Ab-Soul is a rapper who recognizes his strengths. In a world with an entrenched competitive nature and an ever-changing roster of characters and styles, MCs often fall by the wayside because they’re either unable to find their niche in the market or they simply aren’t able to flourish in any of the skill sets that make up a great artist. Fortunately for TDE‘s resident labyrinthian lyricist Soulo, his third studio album These Days demonstrates he has neither of those problems.
From the moment the ethereal sounds of label mate SZA‘s voice come in on opener “Gods Reign (These Days)” through to the final bars of battle rapper Daylyt‘s verse on the hidden freestyle skirmish following “W.R.O.H.”, there’s a lot that goes on during These Days. While artists like Kanye West have thrived recently by diving into minimalist production and short, condensed projects like Yeezus, Soulo packs These Days with just under 90 minutes of complex wordplay, varying production styles and an impressive and well-selected list of guest artists.
But while over-stuffing albums with guest verses and all the hottest names in R&B has diluted notable albums in the past, These Days is enjoyable and contemplative enough to keep things fresh through all 15 tracks. Most of this is credited to Ab-Soul‘s range, as the 27-year-old MC is able to thrive in delivering both gritty, materialistic trap anthems (“Hunnid Stax”) and dense, introspective lyrical landscapes (“Tree of Life”) with equal energy and effect.
Part of what holds These Days together through all the guests and juxtaposing production styles is its pacing. Any album that ends with a 23-minute track, 18 of which make up a sprawling, excellent rap battle between Soul and renowned freestyler Daylyt, doesn’t care about keeping things tight. And yet, while tracks like “Just Have Fun” and “Ride Slow” contain interludes that lead into seemingly odd sonic choices–the slow, bluesy “These Days” riff following “Just Have Fun” and the build up to Mac Miller‘s truly enigmatic alter ego Delusional Thomas‘ verse on “Ride Slow”–the frequent changes in pace only add to the calculated quirkiness of These Days. And, especially in the case of “Just Have Fun,” these choices often produce some of the album’s boldest and most musically-impactful moments.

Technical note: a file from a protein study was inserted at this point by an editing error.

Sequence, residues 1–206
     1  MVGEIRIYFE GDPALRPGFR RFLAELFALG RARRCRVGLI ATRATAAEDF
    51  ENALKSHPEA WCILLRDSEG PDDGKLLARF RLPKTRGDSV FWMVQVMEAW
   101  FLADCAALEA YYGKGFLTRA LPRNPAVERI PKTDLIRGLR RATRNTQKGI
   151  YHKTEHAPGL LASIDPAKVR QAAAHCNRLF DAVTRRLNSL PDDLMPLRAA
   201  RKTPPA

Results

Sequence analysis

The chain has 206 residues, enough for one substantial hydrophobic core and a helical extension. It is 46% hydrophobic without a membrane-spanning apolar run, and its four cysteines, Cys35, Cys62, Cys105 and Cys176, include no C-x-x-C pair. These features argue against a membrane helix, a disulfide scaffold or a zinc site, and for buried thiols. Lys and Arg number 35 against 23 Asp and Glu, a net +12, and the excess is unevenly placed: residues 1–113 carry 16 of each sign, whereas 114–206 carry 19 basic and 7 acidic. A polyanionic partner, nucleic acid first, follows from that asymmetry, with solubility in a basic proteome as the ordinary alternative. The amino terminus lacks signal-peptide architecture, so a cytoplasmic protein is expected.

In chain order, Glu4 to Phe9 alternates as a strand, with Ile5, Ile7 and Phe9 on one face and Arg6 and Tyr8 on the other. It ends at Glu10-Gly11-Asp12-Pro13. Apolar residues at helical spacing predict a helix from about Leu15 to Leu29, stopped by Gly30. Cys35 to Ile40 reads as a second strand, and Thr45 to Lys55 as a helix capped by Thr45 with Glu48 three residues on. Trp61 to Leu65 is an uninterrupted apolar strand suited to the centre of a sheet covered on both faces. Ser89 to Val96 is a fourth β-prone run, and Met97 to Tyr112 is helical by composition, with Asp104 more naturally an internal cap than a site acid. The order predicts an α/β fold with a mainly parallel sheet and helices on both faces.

Speaking of bold moments, it would be hard to talk about These Days and not pay special attention to the battle between Soul and Daylyt that closes the album. Nearly impossible to appreciate without multiple listens and access to the lyrics, the freestyle continues fueling modern hip-hop’s resurgence of respect for the rap battle (along with Eminem and Slaughterhouse‘s Total Slaughter competitive rap battle league) while showcasing just how talented these two MCs are. It’s an intimate affair, with audible gasps and laughs from those witnessing the wordplay in-studio, but ultimately just another area for Soul to demonstrate his lyrical dexterity: “When I think of daylight, I think of shit like/Breakfast, morning, birds singin’, kids playin’/See where I’m goin’?/That means you better break fast, or I’ll have your family mournin’.”
All in all, while Ab-Soul has already solidified himself as a legitimate talent in the rap industry with 2012’s Control System, These Days feels like a step in the right direction for an artist capable of creating an identity for himself outside of the red hot TDE universe. Whether or not he can find the same mainstream success as close friend and label mate Kendrick Lamar is yet to be seen, but for now, we should count ourselves lucky that we get to be a part of Soulo‘s Days.
Head over to iTunes to download These Days today.
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